Additionally, don’t use the negative moments to say the positive ones don’t matter. One of my favorite quotes is from the TV show Dr. Who – “The way I see it, every life is a pile of good things and bad things. The good things don’t always soften the bad things, but vice versa, the bad things don’t always spoil the good things and make them unimportant.” Try to adapt a balanced mindset that can savor the good, but also validate the bad.
Every season of life has a different form of chaos, but every season also brings a roller coaster of emotions, overflowing with love, laughter, and memories that you will treasure forever.
Pregnancy and parenthood do bring a new sense of anxiety, which can be normal. But if you feel consumed with thoughts of worry or fear or are constantly worried something bad will happen or cannot sleep, do not hesitate to schedule an appointment with a counselor who can support you in this journey. You do not have to endure a postpartum mood disorder alone.
A Prayer for the Anxious Parent
Tonight, we lift up the parent who is feeling anxious. Whether they are preparing for their first or fourth child, please comfort their heart as only You can. Please place a shield of protection around them, give them the strength they need, and give them comfort in knowing that they are not alone. Please give them a strong support system. Please strengthen their bond as husband and wife. Please give them the wisdom to know when to ask for help or seek professional help, if needed.
In Jesus’ Name,
Affirmations for Your Heart
I am a child of God
See what kind of love the Father has given to us, that we should be called children of God; and so we are.. – 1 John 3:1
I am beautifully made
For you formed my inward parts; you knitted me together in my mother’s womb. I praise you, for I am fearfully and wonderfully made. Wonderful are your works, my soul knows it very well. – Psalm 139:13-14
I am intelligent
If any of you lacks wisdom, let him ask God, who gives generously to all without reproach, and it will be given to him. – James 1:5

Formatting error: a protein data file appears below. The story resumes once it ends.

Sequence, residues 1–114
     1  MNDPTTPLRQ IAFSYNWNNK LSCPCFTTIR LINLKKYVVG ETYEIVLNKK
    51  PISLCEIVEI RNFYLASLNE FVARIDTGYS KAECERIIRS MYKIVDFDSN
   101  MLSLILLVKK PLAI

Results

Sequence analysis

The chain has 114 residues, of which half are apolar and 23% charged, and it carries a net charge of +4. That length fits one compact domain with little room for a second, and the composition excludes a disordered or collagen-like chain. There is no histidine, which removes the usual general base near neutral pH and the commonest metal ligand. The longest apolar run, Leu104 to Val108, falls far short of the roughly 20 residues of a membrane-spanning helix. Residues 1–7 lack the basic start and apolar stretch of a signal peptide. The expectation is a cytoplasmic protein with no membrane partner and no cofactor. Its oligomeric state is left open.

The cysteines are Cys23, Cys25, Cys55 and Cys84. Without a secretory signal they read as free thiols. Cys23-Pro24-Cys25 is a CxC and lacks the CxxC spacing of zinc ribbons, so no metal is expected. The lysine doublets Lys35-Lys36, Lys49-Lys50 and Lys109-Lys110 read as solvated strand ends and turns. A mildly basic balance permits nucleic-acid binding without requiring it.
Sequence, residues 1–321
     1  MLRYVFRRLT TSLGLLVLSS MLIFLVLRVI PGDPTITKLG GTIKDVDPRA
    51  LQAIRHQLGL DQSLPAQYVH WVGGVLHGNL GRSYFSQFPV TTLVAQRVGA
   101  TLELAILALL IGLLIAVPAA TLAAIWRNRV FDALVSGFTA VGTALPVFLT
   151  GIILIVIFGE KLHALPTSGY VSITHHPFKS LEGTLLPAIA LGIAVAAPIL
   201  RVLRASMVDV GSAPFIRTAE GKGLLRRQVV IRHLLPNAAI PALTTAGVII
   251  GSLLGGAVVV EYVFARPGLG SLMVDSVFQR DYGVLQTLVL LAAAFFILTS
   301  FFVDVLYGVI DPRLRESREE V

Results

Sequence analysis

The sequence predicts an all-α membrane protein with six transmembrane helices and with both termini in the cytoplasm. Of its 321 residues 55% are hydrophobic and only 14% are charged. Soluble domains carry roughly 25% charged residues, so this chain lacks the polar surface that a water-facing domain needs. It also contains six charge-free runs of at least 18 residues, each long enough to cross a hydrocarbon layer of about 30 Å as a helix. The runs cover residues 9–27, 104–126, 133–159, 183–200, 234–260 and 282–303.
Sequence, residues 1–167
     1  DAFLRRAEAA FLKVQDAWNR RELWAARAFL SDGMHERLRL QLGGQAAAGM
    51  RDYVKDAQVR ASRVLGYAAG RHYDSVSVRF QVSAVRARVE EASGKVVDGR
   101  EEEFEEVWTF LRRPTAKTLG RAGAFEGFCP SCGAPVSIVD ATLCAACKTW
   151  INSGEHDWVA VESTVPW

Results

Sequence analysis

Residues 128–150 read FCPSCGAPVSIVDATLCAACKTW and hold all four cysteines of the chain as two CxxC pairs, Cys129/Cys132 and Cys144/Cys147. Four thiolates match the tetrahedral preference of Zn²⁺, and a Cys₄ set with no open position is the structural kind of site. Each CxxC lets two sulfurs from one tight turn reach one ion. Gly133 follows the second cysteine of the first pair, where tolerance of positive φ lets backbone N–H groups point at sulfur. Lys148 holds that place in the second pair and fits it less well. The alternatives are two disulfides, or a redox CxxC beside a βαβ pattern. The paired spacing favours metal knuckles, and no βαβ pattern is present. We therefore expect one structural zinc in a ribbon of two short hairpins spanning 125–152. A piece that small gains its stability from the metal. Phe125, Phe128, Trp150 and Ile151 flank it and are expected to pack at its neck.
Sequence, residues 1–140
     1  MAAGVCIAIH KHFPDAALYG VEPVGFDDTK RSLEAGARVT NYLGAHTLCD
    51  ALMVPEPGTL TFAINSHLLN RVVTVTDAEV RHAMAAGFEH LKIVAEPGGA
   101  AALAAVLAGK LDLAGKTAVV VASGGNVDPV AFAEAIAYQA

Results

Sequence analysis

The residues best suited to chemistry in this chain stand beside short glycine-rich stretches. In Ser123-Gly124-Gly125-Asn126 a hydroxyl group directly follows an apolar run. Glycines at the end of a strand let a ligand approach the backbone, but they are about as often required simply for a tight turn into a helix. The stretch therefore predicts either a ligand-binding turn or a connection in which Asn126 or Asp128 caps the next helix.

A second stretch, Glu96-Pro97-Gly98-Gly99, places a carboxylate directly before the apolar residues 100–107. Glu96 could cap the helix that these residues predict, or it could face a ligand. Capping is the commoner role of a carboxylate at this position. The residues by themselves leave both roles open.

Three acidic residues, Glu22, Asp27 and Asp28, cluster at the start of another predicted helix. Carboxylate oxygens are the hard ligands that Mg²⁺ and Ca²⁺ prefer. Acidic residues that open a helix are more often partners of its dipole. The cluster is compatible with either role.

I am loved
For I am sure that neither death nor life, angels nor rulers, nor things present nor things to come, nor powers, nor height nor depth, nor anything else in all creation will be able to separate us from the love of God in Christ Jesus our Lord.. – Romans 8:38-39
I can be brave
Fear not, for I am with you; be not dismayed, for I am your God; I will strengthen you, I will help you, I will uphold you with my righteous right hand. – Isaiah 41:10
I am never alone
The LORD is near to the brokenhearted and saves the crushed in spirit.. – Psalm 34:18
I am safe
Whoever dwells in the shelter of the Most High will rest in the shadow of the Almighty. I will say of the LORD, “He is my refuge and my fortress, my God, in whom I trust.” Surely he will save you from the fowler’s snare and from the deadly pestilence. He will cover you with his feathers, and under his wings you will find refuge; his faithfulness will be your shield and rampart… – Psalm 91: 1-4
“Baby Bump”, Courtesy of Joey Thompson, Unsplash.com, CC0 License; “Pregnant Woman Standing in Field”, Courtesy of Sergiu Valenas, Unsplash.com, CC0 License; “Mother and Child”, Courtesy of Pexels, Pixabay.com, CC0 License; “Woman Kissing Child”, Courtesy of Tubarones Photography, Pexels.com, CC0 License